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When developing the concept for what became The Harbor Pilot’s Tale, I knew it would be a step removed from the tone and storyline of The Gambler’s Tale, though at first I didn’t know exactly what it would entail. But as I fleshed out the “story bible” for the overall series, I started jotting down the critical elements I’d want to include. First, I knew this was a story that would be told in a single episode — like The Messenger’s Tale before it, this would be an “interlude” between two longer Quorum seasons. Second, I wanted to showcase the broader scope of the Quorum’s influence; since both previous seasons of The Gambler’s Tale and The Messenger’s Tale had taken place in the United States, I was eager to move beyond America’s borders. And third, I wanted to introduce a tonal shift to the story; yes, it would still identifiably be a Quorum story, but it would have its own flavor. I wasn’t going to upend the format, but I wanted this to feel different.
Having long since worked out one of the major plot elements in what would become the third season of The Gambler’s Tale, this interlude story had a natural focus: setting that series of events into motion. (And rest assured, I’m not about to spoil anything else here.) In an odd turn of events, because of cast scheduling constraints, I actually had to script all of the Quorum bookend scenes through the end of that third season well in advance (unless I wanted to recast roles partway through the series) — so the fact that I’d mapped out the broad strokes of the overall story worked to my advantage now. While I wasn’t committed to any particular story for this episode, I had a framing template within which to operate: the Quorum was having to make some late changes to their plans, and they would involve European shipping operations.
The first thing I did was study cargo routes throughout Europe (and ultimately, across the globe). Since I knew that the Quorum’s quote-unquote “cargo” originated in Switzerland, it was a question of figuring out what the optimal transit route would be to its final destination. I had initially assumed that route would be via train or truck down to the Mediterranean Sea. But if this cargo was intended for overseas delivery — which this was — it was more likely that it would depart from a port on the North Sea, such as Rotterdam, in the Netherlands. From there, assuming our couriers would want to keep their charge secure, and not risk being stopped en route, I deduced that a plausible (not to mention entertaining) method of transportation would be via cargo ship, along the Rhine river.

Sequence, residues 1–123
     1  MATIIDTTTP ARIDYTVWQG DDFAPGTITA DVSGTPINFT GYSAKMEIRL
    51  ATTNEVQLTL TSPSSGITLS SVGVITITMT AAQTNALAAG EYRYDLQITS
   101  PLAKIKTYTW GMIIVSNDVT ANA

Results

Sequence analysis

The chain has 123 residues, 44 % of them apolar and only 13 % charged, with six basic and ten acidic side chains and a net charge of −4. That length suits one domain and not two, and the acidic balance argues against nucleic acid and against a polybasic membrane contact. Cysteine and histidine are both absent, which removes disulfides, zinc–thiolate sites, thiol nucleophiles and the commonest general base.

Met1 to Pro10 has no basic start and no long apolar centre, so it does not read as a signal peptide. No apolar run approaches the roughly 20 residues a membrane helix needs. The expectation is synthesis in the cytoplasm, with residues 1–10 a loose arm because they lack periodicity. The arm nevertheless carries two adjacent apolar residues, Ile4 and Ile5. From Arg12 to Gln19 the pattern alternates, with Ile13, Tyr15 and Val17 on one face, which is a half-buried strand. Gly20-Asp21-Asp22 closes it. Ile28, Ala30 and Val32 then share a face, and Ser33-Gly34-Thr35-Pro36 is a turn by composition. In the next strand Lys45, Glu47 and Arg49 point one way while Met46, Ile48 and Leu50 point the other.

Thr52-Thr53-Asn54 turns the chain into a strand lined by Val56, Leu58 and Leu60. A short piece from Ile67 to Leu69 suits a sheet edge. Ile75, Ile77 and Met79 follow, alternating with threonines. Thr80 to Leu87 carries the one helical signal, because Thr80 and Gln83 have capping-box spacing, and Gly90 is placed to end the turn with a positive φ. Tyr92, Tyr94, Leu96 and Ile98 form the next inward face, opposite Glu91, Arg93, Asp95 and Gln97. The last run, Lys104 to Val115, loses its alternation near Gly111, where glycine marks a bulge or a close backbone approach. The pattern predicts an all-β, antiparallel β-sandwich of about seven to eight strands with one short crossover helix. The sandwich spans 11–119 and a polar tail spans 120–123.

Which brought me to Basel. Home to numerous museums, Basel is often considered the cultural center of Switzerland. While not as populous as Geneva or Zürich, it does have significant banking and chemical production industries — and happens to be home to Switzerland’s only cargo port. In effect, all shipments traveling along the Rhine go through Basel. Switzerland actually has a surprisingly robust naval history. The Merchant Marine of Switzerland is the largest merchant navy of any landlocked country on Earth, and the ports of Basel are dependent on the expertise of these sailors.
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— William R. Coughlan, writer/director of Quorum